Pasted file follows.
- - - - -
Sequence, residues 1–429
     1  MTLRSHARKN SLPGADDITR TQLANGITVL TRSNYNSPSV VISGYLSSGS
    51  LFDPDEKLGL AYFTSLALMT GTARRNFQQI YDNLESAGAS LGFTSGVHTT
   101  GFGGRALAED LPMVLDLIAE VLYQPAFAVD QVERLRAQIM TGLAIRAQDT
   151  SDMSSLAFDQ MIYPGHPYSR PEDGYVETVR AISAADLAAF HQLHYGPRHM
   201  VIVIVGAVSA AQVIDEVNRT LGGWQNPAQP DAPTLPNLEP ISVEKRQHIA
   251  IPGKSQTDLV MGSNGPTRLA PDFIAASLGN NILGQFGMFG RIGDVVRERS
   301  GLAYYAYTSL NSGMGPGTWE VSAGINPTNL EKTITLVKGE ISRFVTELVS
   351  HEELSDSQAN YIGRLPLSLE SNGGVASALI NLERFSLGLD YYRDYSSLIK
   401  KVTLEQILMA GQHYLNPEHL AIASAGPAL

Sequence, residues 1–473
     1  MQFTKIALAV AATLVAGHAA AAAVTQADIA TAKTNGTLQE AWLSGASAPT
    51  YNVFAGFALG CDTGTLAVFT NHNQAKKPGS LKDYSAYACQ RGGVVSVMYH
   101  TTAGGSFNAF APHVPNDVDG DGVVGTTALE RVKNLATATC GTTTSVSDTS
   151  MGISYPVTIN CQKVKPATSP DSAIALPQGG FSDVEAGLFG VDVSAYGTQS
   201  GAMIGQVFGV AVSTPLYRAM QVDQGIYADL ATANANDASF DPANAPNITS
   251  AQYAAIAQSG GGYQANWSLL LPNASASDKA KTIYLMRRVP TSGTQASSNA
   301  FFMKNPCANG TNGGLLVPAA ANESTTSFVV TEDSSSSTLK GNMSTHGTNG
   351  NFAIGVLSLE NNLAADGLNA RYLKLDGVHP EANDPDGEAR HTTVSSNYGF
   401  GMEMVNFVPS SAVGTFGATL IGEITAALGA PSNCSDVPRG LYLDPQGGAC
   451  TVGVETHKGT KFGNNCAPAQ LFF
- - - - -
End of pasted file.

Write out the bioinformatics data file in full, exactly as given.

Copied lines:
Sequence, residues 1–429
     1  MTLRSHARKN SLPGADDITR TQLANGITVL TRSNYNSPSV VISGYLSSGS
    51  LFDPDEKLGL AYFTSLALMT GTARRNFQQI YDNLESAGAS LGFTSGVHTT
   101  GFGGRALAED LPMVLDLIAE VLYQPAFAVD QVERLRAQIM TGLAIRAQDT
   151  SDMSSLAFDQ MIYPGHPYSR PEDGYVETVR AISAADLAAF HQLHYGPRHM
   201  VIVIVGAVSA AQVIDEVNRT LGGWQNPAQP DAPTLPNLEP ISVEKRQHIA
   251  IPGKSQTDLV MGSNGPTRLA PDFIAASLGN NILGQFGMFG RIGDVVRERS
   301  GLAYYAYTSL NSGMGPGTWE VSAGINPTNL EKTITLVKGE ISRFVTELVS
   351  HEELSDSQAN YIGRLPLSLE SNGGVASALI NLERFSLGLD YYRDYSSLIK
   401  KVTLEQILMA GQHYLNPEHL AIASAGPAL

Sequence, residues 1–473
     1  MQFTKIALAV AATLVAGHAA AAAVTQADIA TAKTNGTLQE AWLSGASAPT
    51  YNVFAGFALG CDTGTLAVFT NHNQAKKPGS LKDYSAYACQ RGGVVSVMYH
   101  TTAGGSFNAF APHVPNDVDG DGVVGTTALE RVKNLATATC GTTTSVSDTS
   151  MGISYPVTIN CQKVKPATSP DSAIALPQGG FSDVEAGLFG VDVSAYGTQS
   201  GAMIGQVFGV AVSTPLYRAM QVDQGIYADL ATANANDASF DPANAPNITS
   251  AQYAAIAQSG GGYQANWSLL LPNASASDKA KTIYLMRRVP TSGTQASSNA
   301  FFMKNPCANG TNGGLLVPAA ANESTTSFVV TEDSSSSTLK GNMSTHGTNG
   351  NFAIGVLSLE NNLAADGLNA RYLKLDGVHP EANDPDGEAR HTTVSSNYGF
   401  GMEMVNFVPS SAVGTFGATL IGEITAALGA PSNCSDVPRG LYLDPQGGAC
   451  TVGVETHKGT KFGNNCAPAQ LFF